In Stiller Nacht

When I lived in Germany,   I sang with the Rhineland Pfalz International Choir (second soprano).  Lately, I’ve been thinking about a song we performed called In Stiller Nacht (In the Silent Night).  Although the title is similar to Silent Night (Stille Nacht) this song is one of the german folk songs that Brahms set to music.

I was told that the song was originally a poem which was written during the reformation in Germany by a an individual who was going to be executed the following morning.  This is what he wrote in the still of the evening.  It’s so very sad and yet, if you listen there is an incredible majesty and sense of longing in this song. 

In stiller Nacht zur ersten Wacht
ein Stimm beginnt zu klagen
der nächt’ge Wind hat leis und lind
zu mir den Klang getragen.
Von herbem Leid und Traurigkeit
ist mir das Herz zerflossen.
Die Blümelein
mit Tränen mein
hab ich sie all begossen.

 

Der schöne Mond will untergeh’n
dem Leid nicht mehr mag scheinen.
Die Sterne fein im Glitzerschein
mit mir sie wollen weinen.
Kein Vogelsang noch Freudenklang
man höret in den Lüften.
Die wilden Tier’ trauern auch mit mir
in Steinen und in Klüften.

My sister posted the following translation:

In the quiet night, at the first watch,
a voice began to lament;
sweetly and gently, the night wind
carried to me its sound.
And from such bitter sorrow and grief
my heart has melted.
The little flowers – with my pure tears
I have watered them all.

The beautiful moon wishes to set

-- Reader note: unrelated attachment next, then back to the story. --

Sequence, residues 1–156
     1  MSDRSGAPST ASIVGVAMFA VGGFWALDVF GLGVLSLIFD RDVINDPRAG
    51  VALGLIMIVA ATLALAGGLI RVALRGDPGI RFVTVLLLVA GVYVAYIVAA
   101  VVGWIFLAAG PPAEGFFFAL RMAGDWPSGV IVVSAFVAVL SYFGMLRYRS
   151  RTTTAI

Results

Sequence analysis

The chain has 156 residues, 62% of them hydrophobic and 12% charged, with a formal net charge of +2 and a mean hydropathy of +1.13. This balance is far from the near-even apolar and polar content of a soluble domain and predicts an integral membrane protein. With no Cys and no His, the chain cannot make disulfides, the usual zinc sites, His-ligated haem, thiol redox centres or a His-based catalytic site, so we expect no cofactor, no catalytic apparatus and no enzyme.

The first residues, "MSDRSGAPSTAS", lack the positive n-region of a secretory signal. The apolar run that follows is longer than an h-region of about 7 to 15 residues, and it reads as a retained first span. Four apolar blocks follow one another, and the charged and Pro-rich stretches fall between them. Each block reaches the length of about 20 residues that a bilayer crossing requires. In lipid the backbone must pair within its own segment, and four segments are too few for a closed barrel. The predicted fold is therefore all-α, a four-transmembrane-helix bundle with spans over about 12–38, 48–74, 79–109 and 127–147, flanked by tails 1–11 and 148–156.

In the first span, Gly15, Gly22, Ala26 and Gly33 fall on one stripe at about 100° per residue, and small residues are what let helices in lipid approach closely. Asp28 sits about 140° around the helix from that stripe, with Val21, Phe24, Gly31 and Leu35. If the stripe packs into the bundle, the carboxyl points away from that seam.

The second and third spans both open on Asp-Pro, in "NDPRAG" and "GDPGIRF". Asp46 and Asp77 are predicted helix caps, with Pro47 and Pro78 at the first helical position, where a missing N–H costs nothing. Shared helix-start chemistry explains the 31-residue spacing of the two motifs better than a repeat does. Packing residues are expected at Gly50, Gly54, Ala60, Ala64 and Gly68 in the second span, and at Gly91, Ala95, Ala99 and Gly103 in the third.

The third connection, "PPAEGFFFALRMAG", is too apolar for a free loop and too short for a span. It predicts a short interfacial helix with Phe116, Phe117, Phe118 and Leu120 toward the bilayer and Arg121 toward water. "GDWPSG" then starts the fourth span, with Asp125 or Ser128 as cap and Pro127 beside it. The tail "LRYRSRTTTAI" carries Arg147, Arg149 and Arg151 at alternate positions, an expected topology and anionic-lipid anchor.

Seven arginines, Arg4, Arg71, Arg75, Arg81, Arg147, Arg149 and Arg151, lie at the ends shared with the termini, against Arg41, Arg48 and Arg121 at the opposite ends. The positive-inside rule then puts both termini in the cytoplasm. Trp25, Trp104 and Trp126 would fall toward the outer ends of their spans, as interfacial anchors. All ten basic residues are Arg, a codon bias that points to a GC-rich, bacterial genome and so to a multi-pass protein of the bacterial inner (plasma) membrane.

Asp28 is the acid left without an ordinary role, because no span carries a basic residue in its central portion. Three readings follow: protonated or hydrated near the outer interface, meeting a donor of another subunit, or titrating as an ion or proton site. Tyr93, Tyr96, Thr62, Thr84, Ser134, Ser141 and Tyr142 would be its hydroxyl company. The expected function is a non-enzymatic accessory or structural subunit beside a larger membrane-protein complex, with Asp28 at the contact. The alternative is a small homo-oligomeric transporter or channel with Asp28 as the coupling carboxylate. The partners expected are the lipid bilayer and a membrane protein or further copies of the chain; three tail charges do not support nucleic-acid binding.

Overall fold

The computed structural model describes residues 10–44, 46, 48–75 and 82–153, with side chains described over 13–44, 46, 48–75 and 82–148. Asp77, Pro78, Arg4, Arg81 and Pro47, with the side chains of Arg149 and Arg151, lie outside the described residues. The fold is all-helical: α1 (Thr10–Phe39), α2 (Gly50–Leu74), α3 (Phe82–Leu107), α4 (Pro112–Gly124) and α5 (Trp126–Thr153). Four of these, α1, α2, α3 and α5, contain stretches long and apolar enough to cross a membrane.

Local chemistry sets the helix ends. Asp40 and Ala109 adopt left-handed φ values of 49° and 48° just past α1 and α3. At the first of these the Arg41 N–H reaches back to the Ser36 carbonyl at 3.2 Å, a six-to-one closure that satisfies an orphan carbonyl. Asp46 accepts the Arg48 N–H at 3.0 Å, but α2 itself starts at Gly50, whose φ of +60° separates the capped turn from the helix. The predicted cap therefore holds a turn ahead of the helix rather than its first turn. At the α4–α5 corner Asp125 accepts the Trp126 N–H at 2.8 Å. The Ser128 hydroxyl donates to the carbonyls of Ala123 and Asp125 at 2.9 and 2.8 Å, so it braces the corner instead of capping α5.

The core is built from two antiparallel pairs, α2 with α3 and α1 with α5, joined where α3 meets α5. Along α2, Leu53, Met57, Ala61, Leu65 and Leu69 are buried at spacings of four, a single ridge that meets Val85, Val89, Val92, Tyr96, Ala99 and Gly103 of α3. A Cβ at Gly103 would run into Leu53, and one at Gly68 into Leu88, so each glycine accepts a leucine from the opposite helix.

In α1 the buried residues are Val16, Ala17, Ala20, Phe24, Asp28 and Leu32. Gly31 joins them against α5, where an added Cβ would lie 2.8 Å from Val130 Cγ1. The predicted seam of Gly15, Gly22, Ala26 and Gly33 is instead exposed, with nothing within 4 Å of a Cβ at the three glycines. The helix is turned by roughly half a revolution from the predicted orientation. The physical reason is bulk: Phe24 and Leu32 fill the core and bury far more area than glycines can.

out of pain, and never shine again;
the stars will let fade their gleam
for they wish to weep with me.
Neither bird-song nor sound of joy
can one hear in the air;
the wild animals grieve with me as well,
upon the rocks and in the ravine

Here is the youtube I found of the performance. It’s a home-grown video so there is some background noise, but it’s beautiful and very heartfelt and moving.  There are other verisions on youtube, but most the american ones don’t understand the context of the song and they really rush through it as a result.

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14 responses to “In Stiller Nacht

  1. Translation:

    In the quiet night, at the first watch,
    a voice began to lament;
    sweetly and gently, the night wind
    carried to me its sound.
    And from such bitter sorrow and grief
    my heart has melted.
    The little flowers – with my pure tears
    I have watered them all.

    The beautiful moon wishes to set
    out of pain, and never shine again;
    the stars will let fade their gleam
    for they wish to weep with me.
    Neither bird-song nor sound of joy
    can one hear in the air;
    the wild animals grieve with me as well,
    upon the rocks and in the ravine

  2. Pingback: In Stiller Nacht at Measure by Measure

  3. I was looking for info on this song because I remembered singing it in high school choir. We sang it in German and then a second time with the following American translation:

    One silent night, first dusk of night
    I hear a voice lamenting
    So wistfully it came to me
    On evening breeze descending
    It filled the air with sad despair
    My heart was nearly broken
    And tears of pain fell down like rain
    To hear the words it’d spoken

    The mournful moon has set too soon
    It cannot bare the brightness
    In sympathy the stars agree
    And quench their sparkling lightness
    For in the sky no songbirds fly
    Their joy has gone forever
    And creatures mourn with cries forlourn
    Their grief will last forever

  4. This is the translation we have in our music for high school choir:

    At quiet night to the first guard
    a tuning starts to complain
    the night wind has quietly and gently
    to me the sound carried.
    From harsh grief and sadness
    if the heart has dissolved to me.
    The little flowers
    with tears mine
    if I have watered them all.

    The nice moon wants to set
    to the grief no more may appear.